Feeling energized, having just returned from two weeks in Colorado at Anderson Ranch Arts Center. I drove out from Geneseo, NY and caught up with friends along the way.
I went there to spend time with a sculptor whose work I greatly admire, James Surls.
The course was “Critical Dialog in Sculpture” which is exactly what the six of us did most of the time. I’ll remember James’ intro on day one. It was intended to quickly dispatch the let’s learn from the master mentality and did. It went something like this “It makes no difference how we as artists got into this sculpture studio; front door, back door or bathroom window. We are all here, all artists, so let’s get to work.” We talked about our work, his work and each others’. What we do, why and how we do it, and what’s next.
In the off hours my classmates (all of whom worked in metal) moved various projects forward.
Being a wood guy in a metals studio, it took me a few days to figure out how to benefit from all the metal working expertise around me. The studio coordinator taught me the basics of cutting steel with a plasma torch and how to press it into a bowl form.
While I’m used to coaxing and persuading wood to do certain things, I found that torch cutting with lots of sparks flying and pressing (way too gentle a word) steel into submission was a lot of fun. I completed a quick piece I called “Offering and Receiving”.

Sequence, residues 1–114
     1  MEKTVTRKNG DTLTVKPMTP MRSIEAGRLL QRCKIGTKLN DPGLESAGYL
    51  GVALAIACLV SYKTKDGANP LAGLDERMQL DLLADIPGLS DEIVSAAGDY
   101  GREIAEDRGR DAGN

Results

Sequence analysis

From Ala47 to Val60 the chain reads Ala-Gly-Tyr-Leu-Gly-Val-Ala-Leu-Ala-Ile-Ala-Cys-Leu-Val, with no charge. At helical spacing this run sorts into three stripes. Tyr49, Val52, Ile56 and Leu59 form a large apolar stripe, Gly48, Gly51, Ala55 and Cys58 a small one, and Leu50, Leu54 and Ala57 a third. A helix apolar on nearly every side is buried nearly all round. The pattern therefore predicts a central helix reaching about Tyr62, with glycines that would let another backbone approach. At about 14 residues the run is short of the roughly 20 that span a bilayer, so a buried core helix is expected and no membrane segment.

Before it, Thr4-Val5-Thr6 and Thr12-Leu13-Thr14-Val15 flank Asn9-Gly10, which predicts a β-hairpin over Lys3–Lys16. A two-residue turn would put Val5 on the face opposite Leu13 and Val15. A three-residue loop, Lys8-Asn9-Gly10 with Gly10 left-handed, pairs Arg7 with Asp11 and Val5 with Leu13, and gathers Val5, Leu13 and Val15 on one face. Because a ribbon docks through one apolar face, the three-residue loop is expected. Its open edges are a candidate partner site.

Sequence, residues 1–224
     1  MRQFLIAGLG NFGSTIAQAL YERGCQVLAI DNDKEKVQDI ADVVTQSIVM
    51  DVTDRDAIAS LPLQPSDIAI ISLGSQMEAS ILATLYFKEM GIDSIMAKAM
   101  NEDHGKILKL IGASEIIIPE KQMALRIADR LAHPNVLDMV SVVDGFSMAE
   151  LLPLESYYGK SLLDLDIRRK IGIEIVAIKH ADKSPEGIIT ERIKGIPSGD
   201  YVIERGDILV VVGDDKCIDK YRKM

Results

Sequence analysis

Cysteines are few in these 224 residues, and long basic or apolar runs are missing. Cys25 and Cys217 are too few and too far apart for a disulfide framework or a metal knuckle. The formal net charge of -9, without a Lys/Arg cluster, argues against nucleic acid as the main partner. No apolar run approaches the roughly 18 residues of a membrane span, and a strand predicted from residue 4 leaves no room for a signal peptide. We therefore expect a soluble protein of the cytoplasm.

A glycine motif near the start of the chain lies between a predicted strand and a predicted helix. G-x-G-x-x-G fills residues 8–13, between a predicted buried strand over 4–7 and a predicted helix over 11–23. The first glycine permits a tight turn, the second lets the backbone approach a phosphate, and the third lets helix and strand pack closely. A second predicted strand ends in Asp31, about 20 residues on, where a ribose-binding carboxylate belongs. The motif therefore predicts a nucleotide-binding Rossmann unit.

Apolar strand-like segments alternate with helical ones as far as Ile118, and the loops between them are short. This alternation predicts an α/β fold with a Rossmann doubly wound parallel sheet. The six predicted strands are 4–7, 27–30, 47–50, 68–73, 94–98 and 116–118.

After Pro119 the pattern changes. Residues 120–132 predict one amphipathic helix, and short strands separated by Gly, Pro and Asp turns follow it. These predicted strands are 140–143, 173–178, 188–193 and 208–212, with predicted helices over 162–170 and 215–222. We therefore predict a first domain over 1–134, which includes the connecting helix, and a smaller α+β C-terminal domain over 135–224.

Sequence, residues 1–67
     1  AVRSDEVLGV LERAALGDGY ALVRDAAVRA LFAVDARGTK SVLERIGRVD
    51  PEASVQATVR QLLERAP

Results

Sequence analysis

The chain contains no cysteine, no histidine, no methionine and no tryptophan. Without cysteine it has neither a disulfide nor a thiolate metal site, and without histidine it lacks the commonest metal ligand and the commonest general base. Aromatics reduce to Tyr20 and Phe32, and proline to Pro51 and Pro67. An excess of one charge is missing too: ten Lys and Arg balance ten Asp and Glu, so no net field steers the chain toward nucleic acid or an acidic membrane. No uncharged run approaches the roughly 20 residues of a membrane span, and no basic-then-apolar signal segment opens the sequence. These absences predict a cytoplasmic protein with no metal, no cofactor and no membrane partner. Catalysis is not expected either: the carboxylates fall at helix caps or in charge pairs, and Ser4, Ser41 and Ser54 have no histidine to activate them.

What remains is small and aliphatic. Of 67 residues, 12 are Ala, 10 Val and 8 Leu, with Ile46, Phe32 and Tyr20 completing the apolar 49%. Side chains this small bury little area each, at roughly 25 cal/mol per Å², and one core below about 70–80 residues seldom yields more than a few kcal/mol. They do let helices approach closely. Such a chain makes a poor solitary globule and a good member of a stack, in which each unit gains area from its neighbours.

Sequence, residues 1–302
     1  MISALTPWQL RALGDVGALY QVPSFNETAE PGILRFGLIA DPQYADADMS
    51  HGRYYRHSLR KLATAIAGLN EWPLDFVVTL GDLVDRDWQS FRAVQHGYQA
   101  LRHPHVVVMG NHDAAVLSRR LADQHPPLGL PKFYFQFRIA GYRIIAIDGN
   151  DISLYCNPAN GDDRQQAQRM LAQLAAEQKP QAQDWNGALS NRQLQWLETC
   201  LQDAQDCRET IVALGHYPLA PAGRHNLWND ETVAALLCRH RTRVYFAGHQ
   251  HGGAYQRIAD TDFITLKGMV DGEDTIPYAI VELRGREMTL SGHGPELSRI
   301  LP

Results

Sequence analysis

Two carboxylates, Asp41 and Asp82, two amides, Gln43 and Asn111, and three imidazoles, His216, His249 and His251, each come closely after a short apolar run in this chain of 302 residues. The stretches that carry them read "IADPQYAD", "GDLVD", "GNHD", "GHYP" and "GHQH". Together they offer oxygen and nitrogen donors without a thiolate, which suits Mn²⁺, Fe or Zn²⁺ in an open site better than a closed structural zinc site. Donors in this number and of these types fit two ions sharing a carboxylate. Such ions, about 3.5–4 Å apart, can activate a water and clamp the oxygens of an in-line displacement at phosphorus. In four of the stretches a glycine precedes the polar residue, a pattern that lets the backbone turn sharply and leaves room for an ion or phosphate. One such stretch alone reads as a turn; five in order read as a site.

I brought home to my studio a larger 12″ bowl with only a vague plan for it. A few days after returning to Geneseo I was thinking about a friend who is ill and how a jolly piece might serve as a spirit lifter. I decided to make this bowl into a table into which words of greeting, good wishes and encouragement could be collected and shared. I plan to donate it to an auction supporting medical research in my friends honor.
Stop by Main Street Arts to see Jerry Alonzo’s sculptures in our current exhibition House and Home (runs through August 19). View his work online at www.jerryalonzo.com.
Take a look at our previous Inside the Artist’s Studio blog post by painter Susan Stuart.